Working Hard So Ohio Dairy Cows Are Never Abused Again
Even before the barbaric video tape was released last week by Mercy For Animals that showed cruel and abusive treatment to cows at the Conklin Dairy Farm in Ohio; a grassroots organization was working hard to change farming practices in the state.
Ohioans for Humane Farms is a coalition of animal welfare, family farming, food safety, and environmental advocates that are spearheading a campaign to put a citizen-sponsored proposal on Ohio’s November 2010 ballot. The initiative will give voters a voice on how animals are treated on factory farms. It will require the Ohio Livestock Board to adopt specific standards that will prevent the type of animal abuse, documented by Mercy For Animals, from happening in the future.
Here are some of the specific practices Ohioans for Humane Farms lists on their website that the initiative would stop:
- Extreme confinement in tiny cages for months on end: Tens of thousands of veal calves, 170,000 breeding pigs, and approximately 27 million egg-laying hens in Ohio are confined in cages and crates so restrictive the animals can barely move an inch for virtually their whole lives. Many don’t even have enough room to stretch their limbs or turn around.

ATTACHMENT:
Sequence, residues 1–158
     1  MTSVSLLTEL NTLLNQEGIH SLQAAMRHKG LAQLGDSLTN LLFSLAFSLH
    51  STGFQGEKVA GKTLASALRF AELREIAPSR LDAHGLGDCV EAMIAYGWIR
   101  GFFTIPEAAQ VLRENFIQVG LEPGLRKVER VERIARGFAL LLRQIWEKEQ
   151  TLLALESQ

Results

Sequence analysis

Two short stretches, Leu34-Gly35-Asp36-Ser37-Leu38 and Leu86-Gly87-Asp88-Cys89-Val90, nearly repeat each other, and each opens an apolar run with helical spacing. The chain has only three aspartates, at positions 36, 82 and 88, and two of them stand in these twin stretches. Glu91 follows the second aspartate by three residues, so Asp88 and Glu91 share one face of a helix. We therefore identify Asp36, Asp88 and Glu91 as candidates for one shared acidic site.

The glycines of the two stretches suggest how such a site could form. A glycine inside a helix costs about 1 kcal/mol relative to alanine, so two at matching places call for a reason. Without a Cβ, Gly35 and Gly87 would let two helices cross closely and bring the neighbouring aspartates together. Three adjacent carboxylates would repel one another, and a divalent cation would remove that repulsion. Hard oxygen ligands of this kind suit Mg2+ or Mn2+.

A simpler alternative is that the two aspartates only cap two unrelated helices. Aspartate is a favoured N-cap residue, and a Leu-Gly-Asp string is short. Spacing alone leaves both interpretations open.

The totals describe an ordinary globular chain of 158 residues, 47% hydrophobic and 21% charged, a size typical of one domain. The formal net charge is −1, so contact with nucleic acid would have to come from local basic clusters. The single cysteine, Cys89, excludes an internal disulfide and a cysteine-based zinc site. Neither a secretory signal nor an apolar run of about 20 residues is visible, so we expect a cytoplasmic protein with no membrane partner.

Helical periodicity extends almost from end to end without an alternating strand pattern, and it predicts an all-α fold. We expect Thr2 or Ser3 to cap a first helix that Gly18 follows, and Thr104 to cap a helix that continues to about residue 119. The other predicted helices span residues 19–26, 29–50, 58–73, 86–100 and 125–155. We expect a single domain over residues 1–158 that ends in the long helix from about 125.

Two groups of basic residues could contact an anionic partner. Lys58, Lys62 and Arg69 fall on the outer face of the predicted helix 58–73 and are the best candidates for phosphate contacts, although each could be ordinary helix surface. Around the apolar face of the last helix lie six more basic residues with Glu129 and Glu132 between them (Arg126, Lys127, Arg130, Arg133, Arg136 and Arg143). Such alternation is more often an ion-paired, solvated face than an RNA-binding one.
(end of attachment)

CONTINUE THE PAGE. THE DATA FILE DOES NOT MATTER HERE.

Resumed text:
- Allowing “downer cows” to enter the human food chain: Sick and injured animals that enter into the food supply threaten public health and food safety. Cows too sick or injured to stand or walk on their own to slaughter should be humanely euthanized, not inhumanely dragged or pushed while being shocked and beaten onto the kill floor to be used for human consumption.
- Inhumane methods of euthanasia for sick and injured animals: In Ohio, a factory farmer was videotaped killing sick pigs by hanging them from a tractor. He was acquitted of cruelty for the hangings because Ohio has no law that requires farm animals to be euthanized humanely.
“The ballot measure is backed by The Humane Society of the United States, Farm Sanctuary, the Consumer Federation of America, the Center for Science in the Public Interest, the Ohio SPCA, the Toledo Area Humane Society, the Geauga Humane Society, Humane Society of Greater Dayton, Medina County SPCA, and a growing list of organizations.”
Ohioans for Humane Farms must get 600,000 signatures for their measure to get on the ballot and reach voters. Click here to see how you can help.
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